Thursday, October 1, 2015

Quick Review: "102 Minutes" by Jim Dwyer and Kevin Flynn

From Goodreads:  At 8:46 am on September 11, 2001, 14,000 people were inside the twin towers-reading e-mails, making trades, eating croissants at Windows on the World. Over the next 102 minutes, each would become part of a drama for the ages, one witnessed only by the people who lived it-until now.

Of the millions of words written about this wrenching day, most were told from the outside looking in. New York Times reporters Jim Dwyer and Kevin Flynn have taken the opposite-and far more revealing-approach. Reported from the perspectives of those inside the towers, 102 Minutes captures the little-known stories of ordinary people who took extraordinary steps to save themselves and others. Beyond this stirring panorama stands investigative reporting of the first rank. An astounding number of people actually survived the plane impacts but were unable to escape, and the authors raise hard questions about building safety and tragic flaws in New York's emergency preparedness.

Dwyer and Flynn rely on hundreds of interviews with rescuers, thousands of pages of oral histories, and countless phone, e-mail, and emergency radio transcripts. They cross a bridge of voices to go inside the infernos, seeing cataclysm and heroism, one person at a time, to tell the affecting, authoritative saga of the men and women-the nearly 12,000 who escaped and the 2,749 who perished-as they made 102 minutes count as never before. 

My Thoughts:  I have been wanting to read this book for a long time and strangely enough my hold came through at the library right before the anniversary of 9/11 this year.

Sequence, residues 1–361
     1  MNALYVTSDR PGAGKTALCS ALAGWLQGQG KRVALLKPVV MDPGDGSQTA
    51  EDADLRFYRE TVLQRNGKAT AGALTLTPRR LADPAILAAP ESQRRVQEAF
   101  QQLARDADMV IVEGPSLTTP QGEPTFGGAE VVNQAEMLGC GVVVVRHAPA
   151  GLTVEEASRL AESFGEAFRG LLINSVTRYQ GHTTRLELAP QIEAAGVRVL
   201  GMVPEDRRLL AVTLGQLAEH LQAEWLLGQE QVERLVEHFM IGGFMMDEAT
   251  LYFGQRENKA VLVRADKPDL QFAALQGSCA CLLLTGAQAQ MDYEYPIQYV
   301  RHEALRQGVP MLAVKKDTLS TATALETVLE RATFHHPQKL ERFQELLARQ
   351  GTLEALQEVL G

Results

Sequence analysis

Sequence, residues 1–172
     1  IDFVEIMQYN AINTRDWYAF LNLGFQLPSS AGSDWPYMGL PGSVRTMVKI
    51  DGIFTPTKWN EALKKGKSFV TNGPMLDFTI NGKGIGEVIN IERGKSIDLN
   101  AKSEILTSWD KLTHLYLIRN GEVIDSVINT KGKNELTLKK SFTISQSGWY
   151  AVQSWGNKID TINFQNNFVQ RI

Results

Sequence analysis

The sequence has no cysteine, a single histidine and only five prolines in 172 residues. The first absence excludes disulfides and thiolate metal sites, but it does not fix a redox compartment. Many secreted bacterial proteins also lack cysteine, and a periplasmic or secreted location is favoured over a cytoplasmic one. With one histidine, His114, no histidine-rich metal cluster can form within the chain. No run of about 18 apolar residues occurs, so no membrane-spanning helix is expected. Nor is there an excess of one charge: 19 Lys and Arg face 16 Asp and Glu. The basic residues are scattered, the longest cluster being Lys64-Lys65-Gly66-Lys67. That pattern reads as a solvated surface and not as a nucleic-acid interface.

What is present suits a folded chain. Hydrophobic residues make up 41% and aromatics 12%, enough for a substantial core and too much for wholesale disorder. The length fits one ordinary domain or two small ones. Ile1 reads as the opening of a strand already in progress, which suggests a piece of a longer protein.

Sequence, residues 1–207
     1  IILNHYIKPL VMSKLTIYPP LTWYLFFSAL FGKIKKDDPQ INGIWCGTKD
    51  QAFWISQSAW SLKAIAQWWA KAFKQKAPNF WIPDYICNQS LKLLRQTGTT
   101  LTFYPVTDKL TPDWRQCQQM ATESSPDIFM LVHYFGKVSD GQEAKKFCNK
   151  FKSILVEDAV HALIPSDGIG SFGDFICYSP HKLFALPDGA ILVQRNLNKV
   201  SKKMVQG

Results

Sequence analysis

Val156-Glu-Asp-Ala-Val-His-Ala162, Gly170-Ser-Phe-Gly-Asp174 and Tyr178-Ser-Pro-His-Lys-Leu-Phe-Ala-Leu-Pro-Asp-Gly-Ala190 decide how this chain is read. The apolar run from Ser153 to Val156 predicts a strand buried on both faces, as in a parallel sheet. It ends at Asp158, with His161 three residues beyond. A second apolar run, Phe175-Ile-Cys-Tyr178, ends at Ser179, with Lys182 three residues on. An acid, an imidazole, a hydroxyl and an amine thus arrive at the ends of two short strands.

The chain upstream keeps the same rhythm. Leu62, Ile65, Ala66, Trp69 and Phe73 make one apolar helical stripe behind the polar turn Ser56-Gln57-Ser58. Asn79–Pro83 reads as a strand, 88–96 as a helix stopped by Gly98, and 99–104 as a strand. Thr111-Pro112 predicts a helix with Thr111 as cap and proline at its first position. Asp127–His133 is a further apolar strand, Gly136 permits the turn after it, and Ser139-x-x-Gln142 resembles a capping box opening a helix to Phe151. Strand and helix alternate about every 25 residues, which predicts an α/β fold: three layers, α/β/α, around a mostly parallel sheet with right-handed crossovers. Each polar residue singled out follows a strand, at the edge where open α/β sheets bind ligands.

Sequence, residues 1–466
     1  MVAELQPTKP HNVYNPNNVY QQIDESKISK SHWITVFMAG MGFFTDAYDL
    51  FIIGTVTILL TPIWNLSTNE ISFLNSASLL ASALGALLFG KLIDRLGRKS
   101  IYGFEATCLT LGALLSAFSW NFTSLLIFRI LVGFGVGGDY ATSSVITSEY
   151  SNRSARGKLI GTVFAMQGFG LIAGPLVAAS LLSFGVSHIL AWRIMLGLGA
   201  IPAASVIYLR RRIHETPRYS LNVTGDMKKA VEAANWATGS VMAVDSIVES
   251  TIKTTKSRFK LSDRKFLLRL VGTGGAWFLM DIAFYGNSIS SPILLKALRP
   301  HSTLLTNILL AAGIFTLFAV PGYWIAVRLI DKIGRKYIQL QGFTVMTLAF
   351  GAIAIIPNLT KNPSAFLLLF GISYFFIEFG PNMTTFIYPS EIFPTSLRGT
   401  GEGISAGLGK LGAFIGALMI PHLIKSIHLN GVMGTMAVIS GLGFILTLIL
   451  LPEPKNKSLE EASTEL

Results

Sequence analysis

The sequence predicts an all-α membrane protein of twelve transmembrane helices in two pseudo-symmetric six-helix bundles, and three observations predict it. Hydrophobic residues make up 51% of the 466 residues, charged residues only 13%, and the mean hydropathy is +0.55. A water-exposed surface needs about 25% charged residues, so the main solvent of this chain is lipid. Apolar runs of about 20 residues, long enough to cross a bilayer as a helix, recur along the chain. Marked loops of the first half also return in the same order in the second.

102 Minutes is a compelling read.  It made me look at what happened in the Twin Towers in a whole other light.  The authors did extensive research and painted a chilling picture of what was happening in both towers that morning.  They mixed stories of real people, phone calls, etc. in with information about how the Towers were built and how the airplanes damaged them structurally.  At times, it was hard to read.  There were points where you saw people who happened to be in the right place at the right time and others who I just wanted to scream at to 'get out!' It was actually overwhelming at times and it upset me a lot more than I expected.  

Despite being hard to read at times, 102 Minutes was still an excellent book.  I would recommend it to anyone.  5 stars.

1 comment:

  1. I havn't seen this book before. Great review. It sounds like a great perspective to read about,


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